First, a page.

Understanding Lung Cancer Medications (cont.)
Topoisomerase Inhibitors to Treat Lung Cancer
Topotecan (Hycamtin) or irinotecan (Camptosar) are topoisomerase inhibitors that cause DNA damage to cancer cells.
- Who should not use these medications: Persons with the following conditions should not use topoisomerase inhibitors:
- Allergy to topoisomerase inhibitors
- Extremely low white blood cell or platelet counts
- Schedule: Topoisomerase inhibitors may be administered by an IV injection
one day every 1 to 2 weeks or during the first 5 days of each chemotherapy cycle.
- Drug or food interactions: The risk of topoisomerase inhibitors further reducing blood cell counts and causing anemia or bleeding may increase when they are used with other chemotherapy drugs. The herbal antidepressant drug St. John’s wort may decrease effectiveness of irinotecan. Phenytoin (Dilantin) or carbamazepine (Tegretol) may also decrease the effectiveness of topoisomerase inhibitors.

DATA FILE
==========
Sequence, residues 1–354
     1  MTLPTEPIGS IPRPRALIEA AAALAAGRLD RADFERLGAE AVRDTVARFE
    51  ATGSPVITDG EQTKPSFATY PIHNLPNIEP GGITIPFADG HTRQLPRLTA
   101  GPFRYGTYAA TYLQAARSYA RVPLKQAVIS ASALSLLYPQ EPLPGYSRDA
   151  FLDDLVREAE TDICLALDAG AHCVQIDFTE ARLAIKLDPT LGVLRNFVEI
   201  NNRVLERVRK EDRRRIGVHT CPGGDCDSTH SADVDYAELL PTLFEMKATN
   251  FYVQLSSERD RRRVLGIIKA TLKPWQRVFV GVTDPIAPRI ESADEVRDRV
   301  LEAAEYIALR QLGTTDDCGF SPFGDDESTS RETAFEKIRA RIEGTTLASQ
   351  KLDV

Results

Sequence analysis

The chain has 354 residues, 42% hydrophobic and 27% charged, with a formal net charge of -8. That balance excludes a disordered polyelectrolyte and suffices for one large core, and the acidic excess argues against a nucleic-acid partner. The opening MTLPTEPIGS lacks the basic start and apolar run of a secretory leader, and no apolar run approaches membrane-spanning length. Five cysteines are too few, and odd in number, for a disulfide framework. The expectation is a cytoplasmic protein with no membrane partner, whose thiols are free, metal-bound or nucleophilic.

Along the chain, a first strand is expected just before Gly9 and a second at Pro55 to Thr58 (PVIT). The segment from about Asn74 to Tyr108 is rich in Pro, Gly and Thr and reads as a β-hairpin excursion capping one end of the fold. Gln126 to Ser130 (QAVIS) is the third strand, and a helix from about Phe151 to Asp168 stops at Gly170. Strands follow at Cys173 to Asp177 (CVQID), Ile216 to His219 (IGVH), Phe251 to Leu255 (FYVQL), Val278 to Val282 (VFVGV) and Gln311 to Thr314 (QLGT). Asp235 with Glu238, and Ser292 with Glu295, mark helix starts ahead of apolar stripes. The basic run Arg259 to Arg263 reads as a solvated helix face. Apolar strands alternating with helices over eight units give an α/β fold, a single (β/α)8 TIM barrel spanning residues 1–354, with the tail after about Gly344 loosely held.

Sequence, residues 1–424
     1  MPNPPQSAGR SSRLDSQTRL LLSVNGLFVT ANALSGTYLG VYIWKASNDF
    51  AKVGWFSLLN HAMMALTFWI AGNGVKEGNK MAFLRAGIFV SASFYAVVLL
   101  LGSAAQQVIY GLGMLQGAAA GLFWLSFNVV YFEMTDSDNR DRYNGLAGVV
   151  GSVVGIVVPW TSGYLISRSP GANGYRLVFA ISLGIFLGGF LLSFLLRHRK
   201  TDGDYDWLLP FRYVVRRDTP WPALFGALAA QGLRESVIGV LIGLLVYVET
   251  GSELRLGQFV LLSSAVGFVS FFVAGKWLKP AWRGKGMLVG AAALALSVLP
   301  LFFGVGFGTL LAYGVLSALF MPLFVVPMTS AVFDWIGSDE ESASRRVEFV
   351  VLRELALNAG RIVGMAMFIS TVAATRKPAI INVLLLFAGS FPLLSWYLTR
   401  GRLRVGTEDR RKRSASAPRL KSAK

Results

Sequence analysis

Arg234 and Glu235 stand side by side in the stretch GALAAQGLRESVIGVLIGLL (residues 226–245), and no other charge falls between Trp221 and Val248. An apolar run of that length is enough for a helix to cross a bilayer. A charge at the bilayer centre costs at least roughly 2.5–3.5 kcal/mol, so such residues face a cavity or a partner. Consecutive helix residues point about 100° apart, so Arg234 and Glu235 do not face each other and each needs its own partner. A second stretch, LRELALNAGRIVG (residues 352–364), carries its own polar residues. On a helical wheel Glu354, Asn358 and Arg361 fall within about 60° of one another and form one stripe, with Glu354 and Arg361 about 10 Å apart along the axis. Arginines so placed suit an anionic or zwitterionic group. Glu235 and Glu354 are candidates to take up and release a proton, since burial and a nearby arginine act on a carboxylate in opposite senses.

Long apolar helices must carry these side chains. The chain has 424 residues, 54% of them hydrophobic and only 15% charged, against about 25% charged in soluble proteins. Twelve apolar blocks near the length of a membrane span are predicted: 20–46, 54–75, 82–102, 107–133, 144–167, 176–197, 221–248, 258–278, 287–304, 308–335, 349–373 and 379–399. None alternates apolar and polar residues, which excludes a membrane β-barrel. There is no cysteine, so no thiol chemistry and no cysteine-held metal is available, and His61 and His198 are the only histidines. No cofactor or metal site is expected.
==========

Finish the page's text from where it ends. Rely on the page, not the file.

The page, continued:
- Side effects: Topoisomerase inhibitors may cause a person to bleed or to develop infections more easily. A doctor will check blood and urine for abnormalities that may be caused by these drugs.
- A doctor should be contacted immediately if any of the following side effects occur:
- Allergic reaction symptoms, including fast heartbeat, itching or hives, swelling in the face or hands, swelling or tingling in the mouth or throat, chest tightness, and wheezing
- Unexplained fever, chills, or sore throat
- Severe nausea, vomiting, or diarrhea
- Sores or ulcers around or in the mouth
- Extreme weakness or tiredness
- Redness, pain, or swelling where the IV is given
- Other side effects include the following
- Poor appetite
- Stomach pain
- Once the diarrhea starts, an antidiarrheal medication should be taken and the doctor should be informed.
Medically Reviewed by a Doctor on 8/3/2016
Francisco Talavera, PharmD, PhD
Koyamangalath Krishnan, MD, FRCP